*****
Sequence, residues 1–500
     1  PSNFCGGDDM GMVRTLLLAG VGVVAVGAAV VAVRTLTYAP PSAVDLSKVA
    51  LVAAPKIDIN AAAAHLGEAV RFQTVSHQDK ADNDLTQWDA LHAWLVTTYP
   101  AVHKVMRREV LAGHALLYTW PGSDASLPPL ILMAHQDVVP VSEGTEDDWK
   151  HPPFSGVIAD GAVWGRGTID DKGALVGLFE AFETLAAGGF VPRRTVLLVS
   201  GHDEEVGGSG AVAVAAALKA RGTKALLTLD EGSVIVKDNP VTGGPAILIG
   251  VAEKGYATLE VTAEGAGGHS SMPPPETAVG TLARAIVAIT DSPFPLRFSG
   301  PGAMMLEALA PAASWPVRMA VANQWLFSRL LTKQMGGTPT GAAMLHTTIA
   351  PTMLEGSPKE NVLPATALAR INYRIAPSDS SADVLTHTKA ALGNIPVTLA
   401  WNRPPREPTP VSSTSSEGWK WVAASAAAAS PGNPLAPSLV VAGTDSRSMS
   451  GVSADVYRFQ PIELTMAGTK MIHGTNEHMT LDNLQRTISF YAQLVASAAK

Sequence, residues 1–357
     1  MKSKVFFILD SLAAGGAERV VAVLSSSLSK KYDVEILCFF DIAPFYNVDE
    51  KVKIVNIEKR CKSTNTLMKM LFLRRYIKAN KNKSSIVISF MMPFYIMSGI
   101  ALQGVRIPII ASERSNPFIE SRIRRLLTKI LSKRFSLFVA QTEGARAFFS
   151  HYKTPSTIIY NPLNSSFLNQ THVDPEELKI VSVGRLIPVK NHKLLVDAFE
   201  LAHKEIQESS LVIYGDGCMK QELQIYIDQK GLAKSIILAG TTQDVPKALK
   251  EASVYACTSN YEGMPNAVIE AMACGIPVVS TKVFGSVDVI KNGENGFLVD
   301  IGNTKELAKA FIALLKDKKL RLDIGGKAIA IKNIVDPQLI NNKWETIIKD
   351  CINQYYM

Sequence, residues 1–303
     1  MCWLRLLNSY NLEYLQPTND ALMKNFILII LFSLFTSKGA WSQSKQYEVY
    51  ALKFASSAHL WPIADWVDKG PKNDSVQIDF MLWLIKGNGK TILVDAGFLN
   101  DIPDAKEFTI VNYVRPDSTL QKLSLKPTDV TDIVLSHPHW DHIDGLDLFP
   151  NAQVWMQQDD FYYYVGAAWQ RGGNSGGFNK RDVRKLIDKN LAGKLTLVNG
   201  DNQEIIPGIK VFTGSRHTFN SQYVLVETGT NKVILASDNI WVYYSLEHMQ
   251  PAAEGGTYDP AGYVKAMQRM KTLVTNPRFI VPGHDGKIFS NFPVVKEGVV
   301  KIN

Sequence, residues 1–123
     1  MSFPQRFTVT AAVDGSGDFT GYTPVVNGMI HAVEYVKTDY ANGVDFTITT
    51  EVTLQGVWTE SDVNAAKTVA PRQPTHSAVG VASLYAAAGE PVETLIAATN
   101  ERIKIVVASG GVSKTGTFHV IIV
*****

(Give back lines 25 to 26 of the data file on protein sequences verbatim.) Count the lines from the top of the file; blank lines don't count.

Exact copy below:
   151  NAQVWMQQDD FYYYVGAAWQ RGGNSGGFNK RDVRKLIDKN LAGKLTLVNG
   201  DNQEIIPGIK VFTGSRHTFN SQYVLVETGT NKVILASDNI WVYYSLEHMQ